The chart of the S&P/Case-Shiller 20-City Home Price Index below shows the current recovery in home prices. The index is still far below the peak in 2006 and 2007, prior to the subprime blow-up. These were unrealistic levels. We saw downward moves in 2009 and 2012, but it has been clear sailing. Yet the problem is that much of the buying in the housing market was driven by institutional buying. Once this begins to fade as home prices rise, we could see a relapse in the housing market.
Chart courtesy of www.StockCharts.com
We saw a 5.6% decline in pending home sales in September. This metric is not considered as critical as the housing starts and building permits readings, but in my view, it’s a good indicator. In August, pending home sales slid 1.6%. We may be seeing a trend of lower demand for homes, which suggests there could be some issues on the horizon if pending home sales continue to be negative.
Existing home sales were also flat at 5.29 million units in September, down from 5.39 million units in August. Less people are buying homes, and this cannot be good for the homebuilder stocks.
What makes the situation in the housing … Read More
Well, the latest numbers related to job creation were recently released and to no one’s surprise, they were worse than expected.
For the month of September, job creation totaled 148,000, down from expectations of 180,000. (Source: Bureau of Labor Statistics, October 22, 2013.) While most people are simply writing off the latest data by saying that the U.S. government shutdown was the primary reason for the lack of job creation, I think there’s much more going on behind the scenes than simply a couple of weeks of not going to work.
This lack of job creation extends beyond simply the past few weeks; the trend over the past couple of years has remained far below potential. Even with the Federal Reserve throwing literally trillions of dollars into the U.S. economy for the past few years, there are no signs of life.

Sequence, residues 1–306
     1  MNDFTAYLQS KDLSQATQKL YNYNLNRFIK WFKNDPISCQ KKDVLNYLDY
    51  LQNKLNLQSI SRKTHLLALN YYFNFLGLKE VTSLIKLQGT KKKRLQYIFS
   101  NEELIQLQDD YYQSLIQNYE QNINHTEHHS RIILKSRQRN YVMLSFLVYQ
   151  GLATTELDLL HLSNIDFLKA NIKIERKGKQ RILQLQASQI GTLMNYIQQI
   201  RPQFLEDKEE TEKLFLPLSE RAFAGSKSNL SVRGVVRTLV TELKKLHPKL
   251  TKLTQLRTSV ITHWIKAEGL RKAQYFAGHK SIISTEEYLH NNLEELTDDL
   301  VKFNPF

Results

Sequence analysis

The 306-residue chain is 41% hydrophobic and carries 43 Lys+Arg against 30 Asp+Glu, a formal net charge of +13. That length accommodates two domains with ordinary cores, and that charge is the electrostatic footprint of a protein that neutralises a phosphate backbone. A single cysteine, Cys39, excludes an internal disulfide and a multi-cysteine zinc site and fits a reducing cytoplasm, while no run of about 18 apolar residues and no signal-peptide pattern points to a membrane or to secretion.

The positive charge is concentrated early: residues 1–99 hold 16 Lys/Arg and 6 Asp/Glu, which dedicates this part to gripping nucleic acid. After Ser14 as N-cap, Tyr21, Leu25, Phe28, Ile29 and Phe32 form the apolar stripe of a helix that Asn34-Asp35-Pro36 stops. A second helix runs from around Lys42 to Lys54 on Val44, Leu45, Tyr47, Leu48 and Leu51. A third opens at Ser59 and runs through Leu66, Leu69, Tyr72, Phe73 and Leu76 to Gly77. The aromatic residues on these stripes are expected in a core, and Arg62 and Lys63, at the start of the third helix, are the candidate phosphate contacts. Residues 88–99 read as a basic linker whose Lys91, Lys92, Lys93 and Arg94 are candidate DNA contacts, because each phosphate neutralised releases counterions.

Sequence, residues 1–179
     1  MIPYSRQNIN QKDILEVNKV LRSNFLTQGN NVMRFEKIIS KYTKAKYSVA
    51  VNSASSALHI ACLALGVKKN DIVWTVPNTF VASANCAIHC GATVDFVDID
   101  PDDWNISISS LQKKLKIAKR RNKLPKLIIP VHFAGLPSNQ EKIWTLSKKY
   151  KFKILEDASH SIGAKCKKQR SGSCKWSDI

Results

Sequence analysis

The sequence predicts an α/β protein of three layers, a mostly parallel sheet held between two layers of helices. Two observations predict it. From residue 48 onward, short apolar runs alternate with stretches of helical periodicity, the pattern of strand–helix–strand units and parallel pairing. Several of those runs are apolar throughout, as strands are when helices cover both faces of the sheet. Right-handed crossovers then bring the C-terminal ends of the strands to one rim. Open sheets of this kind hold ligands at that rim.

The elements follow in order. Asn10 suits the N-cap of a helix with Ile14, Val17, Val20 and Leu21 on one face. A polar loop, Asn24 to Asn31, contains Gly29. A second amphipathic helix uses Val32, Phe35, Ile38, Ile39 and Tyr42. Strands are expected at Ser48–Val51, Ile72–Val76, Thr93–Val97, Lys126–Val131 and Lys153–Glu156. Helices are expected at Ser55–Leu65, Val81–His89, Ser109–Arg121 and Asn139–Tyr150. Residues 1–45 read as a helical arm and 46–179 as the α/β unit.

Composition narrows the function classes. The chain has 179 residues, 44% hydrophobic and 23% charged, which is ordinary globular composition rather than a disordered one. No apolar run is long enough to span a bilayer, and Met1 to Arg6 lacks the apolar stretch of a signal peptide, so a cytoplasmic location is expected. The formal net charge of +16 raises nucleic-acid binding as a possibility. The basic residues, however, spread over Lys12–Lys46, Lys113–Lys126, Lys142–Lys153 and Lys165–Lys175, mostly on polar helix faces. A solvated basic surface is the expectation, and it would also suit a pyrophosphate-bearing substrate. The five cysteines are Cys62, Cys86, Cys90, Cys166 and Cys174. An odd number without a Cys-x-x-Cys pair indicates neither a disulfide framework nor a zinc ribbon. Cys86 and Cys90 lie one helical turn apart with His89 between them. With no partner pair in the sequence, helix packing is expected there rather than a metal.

However, looking at the total level of job creation is not enough. Two other key figures you should pay attention to in addition to the total level of job creation are wages and hours worked. The Federal Reserve takes these additional metrics into account when trying to develop a picture of the economy.
The average hourly earnings increased by 0.1% in September, slightly below expectations of 0.2% from the previous month. The average hourly workweek did not change at 34.5 hours.
I don’t know about you, but seeing a mere 0.1% increase in my pay would not cause me to run out and spend more money or feel more secure about my financial future.
Before job creation takes place, you will usually notice hours increasing as employers use existing … Read More
A soft jobs reading came out last Tuesday, and the stock market…soared? That’s right. Initially, I was a bit taken aback by the surge, but then again, the buying was driven by the optimism surrounding soft economic growth—because that means the Federal Reserve can justify its continuance of cheap money and the stock market stays at its highs. (You’d be a fool to think the buying was driven by sound economic and corporate growth—even if that is the first lesson in Economics 101.)
My sense is the Federal Reserve will most likely refrain from any tapering of its bond buying until early 2014, when the new Fed chairman, Janet Yellen, takes over. She’s also accommodative towards the printing of cheap money.
And that’s exactly what the stock market wants. Without all of this so-called monetary “cocaine,” I doubt the stock market would have moved this high.
But investors need to be wary. The stock market is warped now in its thinking and the continued dependence on cheap money is ridiculous. The stock market needs a stronger economic recovery, more job creation, and much better revenue growth from companies, which remains problematic.
However, in spite of the absence of these fundamental factors, the stock market will likely continue to edge higher, partly due to the continued lack of alternative investments. With the 10-year bond yield down at 2.49%, the bond market is a cesspool for your capital. Heck, you can make that in a day on the stock market at the rate it’s moving! Investors realize this and will likely continue driving cheap money into stocks and pushing equities higher.
Again, … Read More